Wings clinch playoff spot in shootout loss

PITTSBURGH (DETROIT FREE PRESS) - There was nothing but satisfaction.

There was the satisfaction of having secured a 23rd straight trip to the playoffs, of having outplayed an opponent they might meet in the first round, of having faith in each other, and having fun.

The Red Wings lost, 4-3, Wednesday night at Consol EnergyCenter to the Pittsburgh Penguins, but it was in a shoot-out, and all the Wings needed was the one point to clinch a playoff spot. They have a wild-card spot in the Eastern Conference locked up, falling to the second one as Columbus won against Dallas, but with two games left to make a grasp for the first one.

It was the rare loss that felt celebratory.

"It's awesome," Daniel Alfredsson said. "We worked extremely hard to get to this point. It feels great. We played well enough to win today, and it would have been even better, but clinching a playoff spot is huge. This group has overcome a lot of adversity, and that makes it even more fun.

"I think we'll try to finish off strong here, and try to go into the playoffs feeling good."

How can they not? The guys who scored in this crucial game — sure the Wings had two more chances to earn one more point, but better to get it out of the way — were some of the youngest on the team: 21-year-old Tomas Jurco, 22-year-old Riley Sheahan, and third-pair defenseman Jakub Kindl. Were it not for Jurco, Sheahan, Tomas Tatar and Gustav Nyquist, the Wings would not have overcome Pavel Datsyuk and Henrik Zetterberg being injured half of the season.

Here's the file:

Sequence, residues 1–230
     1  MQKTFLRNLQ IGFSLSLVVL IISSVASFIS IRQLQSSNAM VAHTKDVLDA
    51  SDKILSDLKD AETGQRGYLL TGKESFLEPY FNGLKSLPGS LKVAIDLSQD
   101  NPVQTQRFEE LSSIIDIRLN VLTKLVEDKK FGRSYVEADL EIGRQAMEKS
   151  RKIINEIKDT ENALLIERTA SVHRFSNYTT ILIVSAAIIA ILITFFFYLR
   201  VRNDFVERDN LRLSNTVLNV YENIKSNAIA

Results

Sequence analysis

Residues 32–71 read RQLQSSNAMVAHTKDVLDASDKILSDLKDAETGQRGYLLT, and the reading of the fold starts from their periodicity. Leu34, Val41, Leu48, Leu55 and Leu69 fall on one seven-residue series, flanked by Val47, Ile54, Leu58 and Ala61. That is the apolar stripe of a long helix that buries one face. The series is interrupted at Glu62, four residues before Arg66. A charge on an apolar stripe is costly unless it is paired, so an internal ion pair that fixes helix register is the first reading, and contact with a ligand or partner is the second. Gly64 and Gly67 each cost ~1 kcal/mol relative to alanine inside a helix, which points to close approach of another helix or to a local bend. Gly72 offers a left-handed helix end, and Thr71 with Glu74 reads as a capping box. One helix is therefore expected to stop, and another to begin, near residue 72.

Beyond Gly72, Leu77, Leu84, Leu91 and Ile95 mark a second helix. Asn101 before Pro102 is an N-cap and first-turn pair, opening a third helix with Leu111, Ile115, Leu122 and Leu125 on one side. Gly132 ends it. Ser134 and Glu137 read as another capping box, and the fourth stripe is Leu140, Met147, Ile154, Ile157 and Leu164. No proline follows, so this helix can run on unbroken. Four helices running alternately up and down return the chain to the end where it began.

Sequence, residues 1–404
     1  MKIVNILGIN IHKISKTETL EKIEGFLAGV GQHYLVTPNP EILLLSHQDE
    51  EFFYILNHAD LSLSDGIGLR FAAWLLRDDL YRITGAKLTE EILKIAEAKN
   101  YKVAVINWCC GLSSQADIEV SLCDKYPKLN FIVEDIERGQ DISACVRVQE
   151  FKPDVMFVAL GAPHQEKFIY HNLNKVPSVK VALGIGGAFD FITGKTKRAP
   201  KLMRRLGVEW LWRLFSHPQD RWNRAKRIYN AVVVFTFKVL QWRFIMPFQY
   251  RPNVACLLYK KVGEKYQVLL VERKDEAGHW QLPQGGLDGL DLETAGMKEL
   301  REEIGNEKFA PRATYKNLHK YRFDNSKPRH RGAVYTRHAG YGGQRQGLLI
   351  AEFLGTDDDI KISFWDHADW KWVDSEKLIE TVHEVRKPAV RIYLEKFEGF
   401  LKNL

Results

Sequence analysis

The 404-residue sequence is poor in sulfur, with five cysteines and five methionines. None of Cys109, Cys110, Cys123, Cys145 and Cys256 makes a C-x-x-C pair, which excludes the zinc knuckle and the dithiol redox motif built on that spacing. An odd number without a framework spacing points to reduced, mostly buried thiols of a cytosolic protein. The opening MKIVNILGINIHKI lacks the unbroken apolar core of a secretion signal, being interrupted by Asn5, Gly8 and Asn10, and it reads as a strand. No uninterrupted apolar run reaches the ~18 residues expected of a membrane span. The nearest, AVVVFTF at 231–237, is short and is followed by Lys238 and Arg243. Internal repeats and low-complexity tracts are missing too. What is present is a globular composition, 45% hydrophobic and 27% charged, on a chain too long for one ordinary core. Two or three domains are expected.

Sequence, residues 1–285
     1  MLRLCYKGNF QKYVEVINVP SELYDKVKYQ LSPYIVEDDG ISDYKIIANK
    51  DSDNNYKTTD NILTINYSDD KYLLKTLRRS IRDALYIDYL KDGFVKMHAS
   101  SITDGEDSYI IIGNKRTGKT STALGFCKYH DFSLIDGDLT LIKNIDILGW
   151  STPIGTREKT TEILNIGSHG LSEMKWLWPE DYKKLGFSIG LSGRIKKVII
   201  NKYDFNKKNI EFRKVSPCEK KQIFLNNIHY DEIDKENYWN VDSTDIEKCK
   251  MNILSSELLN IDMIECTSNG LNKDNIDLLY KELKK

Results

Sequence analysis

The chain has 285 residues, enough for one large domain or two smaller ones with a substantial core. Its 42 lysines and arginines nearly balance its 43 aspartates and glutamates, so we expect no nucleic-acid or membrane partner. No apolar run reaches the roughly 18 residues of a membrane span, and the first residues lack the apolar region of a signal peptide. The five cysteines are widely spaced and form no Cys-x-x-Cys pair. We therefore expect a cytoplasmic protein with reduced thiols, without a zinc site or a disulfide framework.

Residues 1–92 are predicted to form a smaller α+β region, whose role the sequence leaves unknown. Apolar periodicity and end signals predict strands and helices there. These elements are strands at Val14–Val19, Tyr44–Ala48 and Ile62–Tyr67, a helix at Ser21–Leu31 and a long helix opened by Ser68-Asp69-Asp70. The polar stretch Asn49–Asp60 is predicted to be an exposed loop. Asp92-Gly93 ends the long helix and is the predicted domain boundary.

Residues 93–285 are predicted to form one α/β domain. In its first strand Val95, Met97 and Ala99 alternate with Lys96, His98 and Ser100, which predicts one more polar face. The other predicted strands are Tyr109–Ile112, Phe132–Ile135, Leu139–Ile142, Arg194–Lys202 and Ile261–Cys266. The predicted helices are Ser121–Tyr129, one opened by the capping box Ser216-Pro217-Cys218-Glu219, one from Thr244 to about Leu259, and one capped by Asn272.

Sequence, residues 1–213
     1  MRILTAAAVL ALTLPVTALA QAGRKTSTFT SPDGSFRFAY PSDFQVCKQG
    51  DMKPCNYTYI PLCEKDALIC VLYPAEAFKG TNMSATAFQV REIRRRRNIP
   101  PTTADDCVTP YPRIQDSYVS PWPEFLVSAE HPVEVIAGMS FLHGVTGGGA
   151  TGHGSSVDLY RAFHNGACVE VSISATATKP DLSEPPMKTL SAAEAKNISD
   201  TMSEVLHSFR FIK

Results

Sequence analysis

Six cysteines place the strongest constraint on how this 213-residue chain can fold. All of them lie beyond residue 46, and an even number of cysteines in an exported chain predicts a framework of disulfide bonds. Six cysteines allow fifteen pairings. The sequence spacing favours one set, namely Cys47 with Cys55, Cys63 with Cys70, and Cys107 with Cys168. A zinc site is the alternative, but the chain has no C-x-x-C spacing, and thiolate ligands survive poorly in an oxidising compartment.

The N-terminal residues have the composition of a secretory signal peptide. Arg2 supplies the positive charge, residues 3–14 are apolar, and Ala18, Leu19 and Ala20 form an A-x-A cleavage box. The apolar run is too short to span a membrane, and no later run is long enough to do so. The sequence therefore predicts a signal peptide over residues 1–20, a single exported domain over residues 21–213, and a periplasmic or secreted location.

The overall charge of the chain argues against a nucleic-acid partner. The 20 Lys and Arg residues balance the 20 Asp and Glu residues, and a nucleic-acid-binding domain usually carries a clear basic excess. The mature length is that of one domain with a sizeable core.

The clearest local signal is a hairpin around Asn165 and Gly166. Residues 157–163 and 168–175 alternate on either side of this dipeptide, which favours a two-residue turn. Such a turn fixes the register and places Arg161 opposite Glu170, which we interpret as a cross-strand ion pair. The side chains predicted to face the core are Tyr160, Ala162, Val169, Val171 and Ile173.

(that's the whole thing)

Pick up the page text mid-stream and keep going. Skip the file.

"We've had a tough go," coach Mike Babcock said. "Everyone gets injuries, it's just, you can't get injuries to too many of the wrong people, and when we lost Pav and Z for so much of the year — the rest of these guys have stepped up. Our team is way better than it was at the start of the year because we've got so many kids and they've won jobs and they're going to keep their jobs."

Sheahan's goal with 1:15 left in regulation is going to stick with him for life: Taking a face-off against superstar Sidney Crosby and then sliding out and sending a pass from Niklas Kronwall hopping past Marc-Andre Fleury, who had Jurco, Tatar and Brendan Smith threatening near the crease.

"It was definitely pretty exciting," Sheahan said. "We had good chaos in front, so I wasn't even sure it was me who scored. I saw Smitty go low so I went to go cover for his point, and then Kronner gave me a great pass and I just tried to get it on net."

The evening quite possibly served as a preview of a first-round matchup, as the Wings are likely to finish with a wild card in the Eastern Conference, which will open against either the Boston Bruins or the Penguins, their rival from the 2008 and 2009 Stanley Cup finals. The Wings went 3-1 against Boston this season, 1-1-1 against Pittsburgh.

The Wings dominated in five-on-five play Wednesday, outshooting the Penguins at a double clip until late in the third period, with a 37-24 total in Detroit's favor. James Neal made the Wings pay for two penalties, stuffing a backhand on the first and snapping a shot from the left circle on the second goal.

Pittsburgh's third goal saw Jonas Gustavsson stop Kris Letang's shot only to have the puck slide on into the paint, where Jussi Jokinen sent it into the net. Jokinen was the only one to score in the shoot-out, on a move Gustavsson conceded was crazy.

"It was bad ice and he lost the puck and it started rolling for him," Gustavsson said. "I was just pretty much going to touch it because it was shoot-out. It took a funny bounce and kind of lobbed over me. If I played it a 100 times again, I don't think it would take that angle."

Gustavsson said he felt bad after the first Jokinen goal, but then teammates reminded him before overtime: Mission accomplished.


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